2Africa, a subsea cable project funded by Facebook and several telcos, will become the longest subsea cable system ever deployed by the time it’s finished. The social network has announced that the consortium of companies behind the initiative has decided to add a new segment to the structure called 2Africa Pearls, which will connect Africa, Europe and Asia.
When Facebook first announced the project, it said 2Africa will lay down 37,000 km (22,990 miles) of cables on the ocean floor. Last month, the company also announced that the consortium is extending the cable’s reach to four more branches in Seychelles, the Comoros Islands, Angola and the south-eastern part of Nigeria. This new segment would bring its total length to over 45,000 km or 28,000 miles.
As its name implies, the 2Africa initiative’s goal is to provide internet connectivity to people living in Africa, which is currently the least connected continent. This extension adds landing sites in India (Mumbai), Pakistan (Karachi), Oman (Salalah and Barakah), UAE (Kalba and Abu Dhabi), Qatar (Doha), Bahrain (Manamah), Iraq (AlFaw), Kuwait (Kuwait) and in Saudi Arabia (Khobar).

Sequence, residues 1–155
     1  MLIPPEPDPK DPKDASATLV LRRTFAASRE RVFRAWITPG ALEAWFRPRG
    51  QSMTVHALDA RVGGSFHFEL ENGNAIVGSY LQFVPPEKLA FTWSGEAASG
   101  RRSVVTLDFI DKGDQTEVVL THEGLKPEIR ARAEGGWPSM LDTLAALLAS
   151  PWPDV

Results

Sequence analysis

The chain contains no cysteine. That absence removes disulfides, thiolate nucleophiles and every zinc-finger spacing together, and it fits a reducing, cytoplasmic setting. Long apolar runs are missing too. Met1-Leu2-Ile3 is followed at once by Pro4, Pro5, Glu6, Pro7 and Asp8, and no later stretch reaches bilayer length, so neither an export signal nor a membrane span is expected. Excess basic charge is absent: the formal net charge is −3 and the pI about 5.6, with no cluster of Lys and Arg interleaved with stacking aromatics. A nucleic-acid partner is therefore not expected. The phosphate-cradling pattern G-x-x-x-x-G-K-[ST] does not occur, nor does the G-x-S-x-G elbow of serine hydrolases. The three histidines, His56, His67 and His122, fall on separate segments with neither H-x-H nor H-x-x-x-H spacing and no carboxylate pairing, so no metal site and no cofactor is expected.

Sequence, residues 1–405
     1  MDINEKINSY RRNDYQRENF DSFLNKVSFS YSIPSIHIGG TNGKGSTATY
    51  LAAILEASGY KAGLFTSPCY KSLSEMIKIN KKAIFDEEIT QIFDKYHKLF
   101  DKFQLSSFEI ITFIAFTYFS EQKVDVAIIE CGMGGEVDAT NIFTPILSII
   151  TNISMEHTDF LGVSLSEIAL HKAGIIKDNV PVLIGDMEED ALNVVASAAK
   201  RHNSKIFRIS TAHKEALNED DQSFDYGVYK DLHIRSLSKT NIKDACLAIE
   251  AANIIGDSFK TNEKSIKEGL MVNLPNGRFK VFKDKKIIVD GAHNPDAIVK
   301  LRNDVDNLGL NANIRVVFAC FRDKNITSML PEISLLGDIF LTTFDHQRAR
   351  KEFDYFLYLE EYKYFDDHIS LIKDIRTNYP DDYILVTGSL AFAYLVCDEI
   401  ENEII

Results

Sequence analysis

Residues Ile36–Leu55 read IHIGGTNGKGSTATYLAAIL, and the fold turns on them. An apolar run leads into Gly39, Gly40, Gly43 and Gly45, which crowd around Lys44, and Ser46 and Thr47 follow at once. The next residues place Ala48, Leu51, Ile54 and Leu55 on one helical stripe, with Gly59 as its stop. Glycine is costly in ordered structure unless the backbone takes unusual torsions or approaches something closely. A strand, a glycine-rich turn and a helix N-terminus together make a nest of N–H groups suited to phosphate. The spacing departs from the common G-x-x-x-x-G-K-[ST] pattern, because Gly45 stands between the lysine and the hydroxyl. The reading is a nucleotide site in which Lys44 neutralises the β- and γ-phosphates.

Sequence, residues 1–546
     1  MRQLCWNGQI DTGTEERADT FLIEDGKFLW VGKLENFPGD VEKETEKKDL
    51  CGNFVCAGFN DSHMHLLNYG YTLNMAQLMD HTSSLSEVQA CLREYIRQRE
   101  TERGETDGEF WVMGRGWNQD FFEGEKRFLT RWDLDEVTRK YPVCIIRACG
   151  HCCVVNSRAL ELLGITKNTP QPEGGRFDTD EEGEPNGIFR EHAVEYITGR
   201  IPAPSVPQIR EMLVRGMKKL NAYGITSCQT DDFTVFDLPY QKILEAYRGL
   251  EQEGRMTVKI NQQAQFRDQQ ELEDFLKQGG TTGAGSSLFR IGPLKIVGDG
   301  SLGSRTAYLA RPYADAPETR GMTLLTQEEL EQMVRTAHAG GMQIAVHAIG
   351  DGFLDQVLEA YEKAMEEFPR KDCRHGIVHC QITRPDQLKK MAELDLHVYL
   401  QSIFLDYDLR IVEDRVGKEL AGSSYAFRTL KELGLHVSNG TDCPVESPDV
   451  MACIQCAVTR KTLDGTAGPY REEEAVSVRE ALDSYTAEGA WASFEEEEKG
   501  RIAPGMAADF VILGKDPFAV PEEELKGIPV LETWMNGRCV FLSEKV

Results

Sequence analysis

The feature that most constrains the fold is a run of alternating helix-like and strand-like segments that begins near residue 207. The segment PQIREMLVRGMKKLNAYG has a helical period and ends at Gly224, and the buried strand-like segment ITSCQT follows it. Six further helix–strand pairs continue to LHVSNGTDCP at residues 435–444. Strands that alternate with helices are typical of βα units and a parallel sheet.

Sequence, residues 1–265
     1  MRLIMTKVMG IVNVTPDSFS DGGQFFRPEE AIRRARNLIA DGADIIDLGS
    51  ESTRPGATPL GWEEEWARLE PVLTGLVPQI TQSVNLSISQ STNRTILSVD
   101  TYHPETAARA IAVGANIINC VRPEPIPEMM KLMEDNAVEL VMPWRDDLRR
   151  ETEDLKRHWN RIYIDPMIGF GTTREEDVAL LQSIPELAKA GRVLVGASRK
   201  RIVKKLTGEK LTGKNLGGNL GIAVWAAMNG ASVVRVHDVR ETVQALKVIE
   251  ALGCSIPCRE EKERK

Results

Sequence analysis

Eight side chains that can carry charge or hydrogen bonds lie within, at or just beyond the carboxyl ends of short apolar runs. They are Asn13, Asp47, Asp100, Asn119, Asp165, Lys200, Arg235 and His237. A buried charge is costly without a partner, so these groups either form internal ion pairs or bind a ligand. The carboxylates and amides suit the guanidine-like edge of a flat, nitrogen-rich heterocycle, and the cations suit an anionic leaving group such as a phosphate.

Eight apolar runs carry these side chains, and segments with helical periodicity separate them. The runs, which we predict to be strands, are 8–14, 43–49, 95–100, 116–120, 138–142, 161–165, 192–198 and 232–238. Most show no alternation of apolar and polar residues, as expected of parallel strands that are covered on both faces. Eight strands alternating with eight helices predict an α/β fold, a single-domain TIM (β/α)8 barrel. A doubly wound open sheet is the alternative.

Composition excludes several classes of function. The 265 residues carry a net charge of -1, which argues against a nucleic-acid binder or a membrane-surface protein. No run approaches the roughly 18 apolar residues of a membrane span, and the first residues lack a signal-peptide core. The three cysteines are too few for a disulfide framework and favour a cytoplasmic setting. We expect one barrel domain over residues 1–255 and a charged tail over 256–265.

In Facebook’s announcement, Kevin Salvadori, the company’s VP of networking infrastructure, said the full structure would serve more people than the consortium first intended. While the original 2Africa project was only meant to provide connectivity to 1.2 billion people, the addition of Pearls would allow the cable to serve a total of 3 billion people. He wrote:
“The past 18 months have highlighted the importance of connectivity as billions of people around the world rely on the internet to work, attend school, and stay connected to people they care about. We continue to invest in subsea cables in Africa and beyond, as communities and businesses flourish when there is widely accessible internet.”
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